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Top MMA storylines of 2017: 4. Money, merit and interim titles

Esther Lin, Showtime

There was once a time when interim titles were rare. The UFC only instituted one for a division if the titleholder was out (usually injured) for an extended period.

It took Dominick Cruz to be out for nearly a year due to surgery and facing another year-long injury absence for the UFC to put an interim title on the line between Renan Barao and Urijah Faber in 2012. Cain Velasquez didn’t defend the UFC heavyweight title between October 2013 and June 2015 and the UFC waited for him to be out a year and pull out of another title fight before dropping an interim label.

Go back further in time and interim belts were really only used in extreme situations, like when Tito Ortiz and Randy Couture were in contract gridlock with the UFC and their futures in the promotion were up in the air.

Now, interim titles are relatively commonplace. In 2017, there were three in play and one of them — lightweight — remains active.

The big difference between the stand-in belts these days, compared to the past, is that they are being used more and more as a consolation prize to the top contenders in the division while the champions of said division are off taking “money fights.”

For instance, Conor McGregor is the UFC lightweight champion. He didn’t fight at all in the UFC this year, but had a monster boxing match against Floyd Mayweather that became the second biggest pay-per-view event of all time with 4.3 million buys. The UFC needed to throw the other lightweight contenders a bone.

Tony Ferguson and Khabib Nurmagomedov, the next best two fighters in the 155-pound division, were supposed to fight in an interim title bout at UFC 209 in March before Nurmagomedov pulled out after he was hospitalized while cutting weight. Ferguson ended up fighting and beating Kevin Lee for the interim title at UFC 216 in October.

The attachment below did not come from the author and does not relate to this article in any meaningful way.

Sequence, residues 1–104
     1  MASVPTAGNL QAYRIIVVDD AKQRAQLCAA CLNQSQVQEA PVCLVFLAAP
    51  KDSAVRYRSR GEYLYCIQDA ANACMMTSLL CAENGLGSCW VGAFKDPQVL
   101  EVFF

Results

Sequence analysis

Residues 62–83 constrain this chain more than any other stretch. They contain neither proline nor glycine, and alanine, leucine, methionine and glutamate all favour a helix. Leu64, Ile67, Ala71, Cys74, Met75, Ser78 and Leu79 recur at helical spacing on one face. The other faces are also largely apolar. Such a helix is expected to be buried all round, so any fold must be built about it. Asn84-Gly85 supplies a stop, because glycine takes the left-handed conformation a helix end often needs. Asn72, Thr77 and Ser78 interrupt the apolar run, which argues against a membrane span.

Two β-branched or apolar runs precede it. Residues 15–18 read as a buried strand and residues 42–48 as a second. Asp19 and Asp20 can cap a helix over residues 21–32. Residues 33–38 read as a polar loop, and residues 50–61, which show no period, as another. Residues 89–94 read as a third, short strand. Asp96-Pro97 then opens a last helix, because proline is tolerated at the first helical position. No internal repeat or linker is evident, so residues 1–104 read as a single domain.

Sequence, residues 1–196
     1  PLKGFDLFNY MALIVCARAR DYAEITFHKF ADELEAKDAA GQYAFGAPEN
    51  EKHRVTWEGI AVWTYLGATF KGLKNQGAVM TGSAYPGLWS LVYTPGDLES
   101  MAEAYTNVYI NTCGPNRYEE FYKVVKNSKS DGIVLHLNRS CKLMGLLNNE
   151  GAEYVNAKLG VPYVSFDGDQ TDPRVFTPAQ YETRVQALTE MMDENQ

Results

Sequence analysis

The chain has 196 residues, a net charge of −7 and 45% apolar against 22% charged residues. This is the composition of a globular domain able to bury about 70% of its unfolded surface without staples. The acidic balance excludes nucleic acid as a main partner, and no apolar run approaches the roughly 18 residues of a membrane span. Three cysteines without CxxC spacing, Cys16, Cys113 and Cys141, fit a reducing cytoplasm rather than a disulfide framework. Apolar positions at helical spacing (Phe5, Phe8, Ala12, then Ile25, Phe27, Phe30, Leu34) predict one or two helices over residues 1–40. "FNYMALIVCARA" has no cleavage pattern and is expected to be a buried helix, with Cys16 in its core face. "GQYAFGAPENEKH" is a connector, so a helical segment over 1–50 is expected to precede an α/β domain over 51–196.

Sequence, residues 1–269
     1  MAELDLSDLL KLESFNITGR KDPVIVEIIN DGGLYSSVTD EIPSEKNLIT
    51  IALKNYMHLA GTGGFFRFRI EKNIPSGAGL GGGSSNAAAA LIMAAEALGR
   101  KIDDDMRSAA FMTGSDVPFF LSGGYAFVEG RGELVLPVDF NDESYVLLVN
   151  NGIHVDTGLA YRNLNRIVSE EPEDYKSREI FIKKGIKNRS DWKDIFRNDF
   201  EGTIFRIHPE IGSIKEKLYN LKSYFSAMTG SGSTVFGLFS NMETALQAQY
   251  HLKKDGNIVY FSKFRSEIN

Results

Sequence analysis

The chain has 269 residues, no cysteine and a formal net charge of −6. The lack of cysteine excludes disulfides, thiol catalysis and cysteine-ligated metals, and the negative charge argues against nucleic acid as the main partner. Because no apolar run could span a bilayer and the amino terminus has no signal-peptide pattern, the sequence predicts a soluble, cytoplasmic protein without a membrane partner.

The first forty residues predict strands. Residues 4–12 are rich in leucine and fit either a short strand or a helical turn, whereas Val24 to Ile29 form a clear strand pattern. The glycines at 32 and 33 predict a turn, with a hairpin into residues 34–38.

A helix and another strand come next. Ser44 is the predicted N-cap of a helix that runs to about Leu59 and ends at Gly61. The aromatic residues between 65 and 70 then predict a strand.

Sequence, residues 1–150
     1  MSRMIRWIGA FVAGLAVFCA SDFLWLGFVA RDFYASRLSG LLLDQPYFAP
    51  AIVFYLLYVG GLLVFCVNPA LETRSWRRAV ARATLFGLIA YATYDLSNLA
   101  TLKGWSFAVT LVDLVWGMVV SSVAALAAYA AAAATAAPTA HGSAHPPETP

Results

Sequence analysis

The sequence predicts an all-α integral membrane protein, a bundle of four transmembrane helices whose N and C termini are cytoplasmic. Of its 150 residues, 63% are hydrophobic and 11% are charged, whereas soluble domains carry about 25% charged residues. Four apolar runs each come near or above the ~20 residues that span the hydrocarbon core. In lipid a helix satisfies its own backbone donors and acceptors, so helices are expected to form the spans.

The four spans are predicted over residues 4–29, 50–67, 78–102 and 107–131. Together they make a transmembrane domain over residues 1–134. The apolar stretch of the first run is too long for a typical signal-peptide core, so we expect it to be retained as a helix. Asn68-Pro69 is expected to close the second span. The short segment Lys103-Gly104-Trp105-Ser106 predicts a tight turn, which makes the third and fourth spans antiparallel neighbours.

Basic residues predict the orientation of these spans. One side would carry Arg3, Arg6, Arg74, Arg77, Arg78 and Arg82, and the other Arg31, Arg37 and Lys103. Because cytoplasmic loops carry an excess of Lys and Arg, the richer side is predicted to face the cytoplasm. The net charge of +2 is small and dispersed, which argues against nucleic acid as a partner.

Michael Bisping came into the year as the UFC middleweight champion. His title fight against Georges St-Pierre — the legendary former welterweight champ who had not competed since 2013 — got pushed back to UFC 217 in November. GSP was far from the top contender for the belt, but he has always been a major financial draw and UFC 217 ended up being one of the highest grossing cards of the year.

So, the UFC opened up an interim belt and had Robert Whittaker and Yoel Romero fight for it at UFC 213 in July. Whittaker beat Romero and has now been named the undisputed middleweight champion. GSP defeated Bisping and vacated the belt due to illness — and the very likely scenario that he won’t again fight at middleweight.

Max Holloway started the year as the interim featherweight champion after beating Anthony Pettis at UFC 206, because McGregor won the lightweight title in November 2016 and there was no sign immediate sign that he’d defend the featherweight one. McGregor earned the featherweight belt in December 2015 by knocking out Jose Aldo, but fought Nate Diaz twice at welterweight and beat Eddie Alvarez for the lightweight crown in 2016. Weeks after McGregor beat Alvarez, the UFC stripped him of the featherweight gold and made Aldo the undisputed champion.

Holloway became the undisputed champ when he finished Aldo at UFC 212 in June. He beat Aldo in a rematch earlier this month at UFC 218. Holloway had won an incredible nine straight fights before facing Pettis for the interim belt. He was the clear, deserving top contender for a belt that McGregor might not have ever defended.

Why aren’t fighters like Holloway, Whittaker and Ferguson getting shots at the legitimate titles with any kind of urgency? The answer to that is the conundrum the UFC has been faced with and will continue to encounter moving forward.